While 19 other Democrats filed to run for the 2020 nomination for president, former Vice President Joe Biden waited and waited.
But months of speculation about when he would officially enter the race to challenge President Donald Trump ended Thursday morning when Biden released a video on Twitter and Facebook to announce his candidacy.
The 6 a.m. video focused on the August 2017 “Unite the Right” rally in Charlottesville, Virginia. That day devolved into fights between white supremacists and counter protesters and “a brave young lady who lost her life,” Biden said.
Biden said was he was horrified by Trump’s reaction to the violence, asserting that the president’s words “stunned the world and shocked the conscience” of America.
“He said there were some ‘very fine people on both sides.’ Very fine people on both sides?” Biden said.
“With those words, the president of the United States assigned a moral equivalence between those spreading hate and those with the courage to stand against it. And in that moment, I knew the threat to this nation was unlike any I had seen in my lifetime,” Biden said.
Biden also gave a harsh critique of Trump and the prospect of him serving another four years as president.
“We are in the battle for the soul of this nation,’’ Biden said. “I believe history will look back on the four years of this president as an aberrant time but if we give Donald Trump eight years in the White House we will have forever and fundamentally altered the character of this nation, who we are and I cannot stand by and watch this happen,” he said.
Biden reminds viewers that America has always been a beacon for the world — a nation that “gives hope to the most desperate people on Earth.”
He concludes by imploring voters to “remember who we are. This is America.”
Should the 76-year-old moderate from Delaware win the White House, he would be the oldest person elected president. He and U.S. Sen. Bernie Sanders of Vermont, who is 77, are currently running first and second, respectively, in national polls of Democratic candidates.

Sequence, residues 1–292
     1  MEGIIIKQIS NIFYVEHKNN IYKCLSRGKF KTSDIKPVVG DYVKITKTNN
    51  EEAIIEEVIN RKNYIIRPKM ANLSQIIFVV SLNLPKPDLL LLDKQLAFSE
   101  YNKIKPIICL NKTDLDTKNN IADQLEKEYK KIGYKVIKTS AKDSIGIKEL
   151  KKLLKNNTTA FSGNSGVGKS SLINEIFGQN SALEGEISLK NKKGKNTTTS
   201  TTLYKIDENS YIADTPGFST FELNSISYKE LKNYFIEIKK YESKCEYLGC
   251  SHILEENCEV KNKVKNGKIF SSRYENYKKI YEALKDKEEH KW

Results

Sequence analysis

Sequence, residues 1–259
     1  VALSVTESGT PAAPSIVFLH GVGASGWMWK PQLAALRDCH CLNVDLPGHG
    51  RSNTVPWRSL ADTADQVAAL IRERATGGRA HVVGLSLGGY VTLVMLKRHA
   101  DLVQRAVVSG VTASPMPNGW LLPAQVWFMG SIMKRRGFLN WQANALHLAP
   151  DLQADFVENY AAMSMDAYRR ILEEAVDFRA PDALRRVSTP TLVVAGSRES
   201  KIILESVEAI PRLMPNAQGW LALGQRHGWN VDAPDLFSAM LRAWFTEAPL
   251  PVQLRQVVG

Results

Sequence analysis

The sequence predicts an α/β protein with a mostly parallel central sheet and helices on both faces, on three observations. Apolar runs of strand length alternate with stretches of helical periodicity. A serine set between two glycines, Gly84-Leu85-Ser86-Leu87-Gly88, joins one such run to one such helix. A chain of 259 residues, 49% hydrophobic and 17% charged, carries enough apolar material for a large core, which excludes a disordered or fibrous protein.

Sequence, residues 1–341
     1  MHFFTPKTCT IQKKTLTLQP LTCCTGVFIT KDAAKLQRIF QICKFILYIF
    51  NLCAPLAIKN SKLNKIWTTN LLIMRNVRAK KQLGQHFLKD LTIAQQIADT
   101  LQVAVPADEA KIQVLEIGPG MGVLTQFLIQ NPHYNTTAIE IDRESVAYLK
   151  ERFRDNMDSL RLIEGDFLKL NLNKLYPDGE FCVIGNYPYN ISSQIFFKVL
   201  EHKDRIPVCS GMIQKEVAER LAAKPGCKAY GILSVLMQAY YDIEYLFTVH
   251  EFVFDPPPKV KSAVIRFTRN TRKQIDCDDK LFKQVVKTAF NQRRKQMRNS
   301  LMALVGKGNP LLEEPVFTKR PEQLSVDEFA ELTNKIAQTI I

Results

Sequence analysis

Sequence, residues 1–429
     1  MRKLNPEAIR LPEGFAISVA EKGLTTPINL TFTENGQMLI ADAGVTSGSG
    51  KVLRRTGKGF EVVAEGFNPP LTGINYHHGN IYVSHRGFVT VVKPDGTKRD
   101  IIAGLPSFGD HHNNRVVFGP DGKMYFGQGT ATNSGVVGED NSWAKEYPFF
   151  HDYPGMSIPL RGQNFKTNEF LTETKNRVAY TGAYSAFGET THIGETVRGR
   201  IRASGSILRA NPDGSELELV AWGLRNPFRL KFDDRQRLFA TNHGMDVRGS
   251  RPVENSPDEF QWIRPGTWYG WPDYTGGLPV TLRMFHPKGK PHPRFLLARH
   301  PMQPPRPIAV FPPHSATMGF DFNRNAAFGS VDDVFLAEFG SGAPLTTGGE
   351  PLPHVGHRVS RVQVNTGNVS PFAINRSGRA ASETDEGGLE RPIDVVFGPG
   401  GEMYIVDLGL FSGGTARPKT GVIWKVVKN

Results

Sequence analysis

Many political observers believe Biden’s appeal to working-class whites in states such as his native Pennsylvania as well as Ohio, Michigan, and Wisconsin helped Barack Obama win two presidential terms. Trump won all four of those states against Hillary Clinton in 2016.
Former Pennsylvania Governor Ed Rendell and others are holding a fundraiser for Biden in Philadelphia today.
Current polls give Biden the largest projected margin of victory of any Democratic candidate over Trump in the general election.
Whether Biden can capture the nation the way he has won the hearts of Delaware remains to be seen. Two previous presidential campaigns — in 1988 and 2008 — fizzled.
The Delaware touch
In the First State, Biden has been so ubiquitous during a half-century of public life that when he’s spotted at a restaurant or hardware store, people routinely greet him as “Joe.”
The Wilmington Amtrak station and the Newark rest stop on Interstate 95 have been named in his honor. His name is all over the University of Delaware, from the Biden Institute to the Biden School of Public Policy and Administration.
Many Delawareans have a personal story about meeting Biden, in large part because he grew up in northern Delaware, attended its flagship university and has been in office since 1970, the year he won a seat on the New Castle County Council.
He catapulted to legendary status statewide and national recognition in 1972 at the age of 29 by defeating popular two-term Republican U.S. Sen. J. Caleb Boggs with his charming brand of “retail politics.” Boggs was also a former two-term governor and had served three terms in the U.S. House.
Biden’s career success was rocked by personal tragedy after his wife and daughter died in a car accident, and his two sons, Beau and Hunter, were seriously injured. (Beau Biden died in 2015 from brain cancer. He was then Delaware’s attorney general.)
But in at least two ways, that Delaware success may be a liability for Biden’s campaign for the White House.
Biden’s penchant for the “personal touch” also caused problems in recent weeks. Even before he made his third presidential campaign official, several women in other states came forward to say Biden made them feel uncomfortable by touching or even kissing them. The touching was not deemed sexual in nature, but it was all women who came forward to complain.
Biden took to Twitter in response, posting a video pledging to “be more mindful about respecting personal space in the future.”
Social norms are changing. I understand that, and I’ve heard what these women are saying. Politics to me has always been about making connections, but I will be more mindful about respecting personal space in the future. That’s my responsibility and I will meet it. pic.twitter.com/Ya2mf5ODts
— Joe Biden (@JoeBiden) April 3, 2019
“I’ll always believe governing, quite frankly, life for that matter, is about connecting with people,” he said. “That won’t change, but I will be much more mindful and respectful of people’s personal space.”